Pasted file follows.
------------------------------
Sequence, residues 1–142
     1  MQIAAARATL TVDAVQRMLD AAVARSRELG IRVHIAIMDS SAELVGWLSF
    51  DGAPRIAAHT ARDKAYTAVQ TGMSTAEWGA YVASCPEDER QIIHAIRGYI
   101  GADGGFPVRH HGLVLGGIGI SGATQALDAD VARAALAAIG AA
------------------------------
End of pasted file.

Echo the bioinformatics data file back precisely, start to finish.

Sequence, residues 1–142
     1  MQIAAARATL TVDAVQRMLD AAVARSRELG IRVHIAIMDS SAELVGWLSF
    51  DGAPRIAAHT ARDKAYTAVQ TGMSTAEWGA YVASCPEDER QIIHAIRGYI
   101  GADGGFPVRH HGLVLGGIGI SGATQALDAD VARAALAAIG AA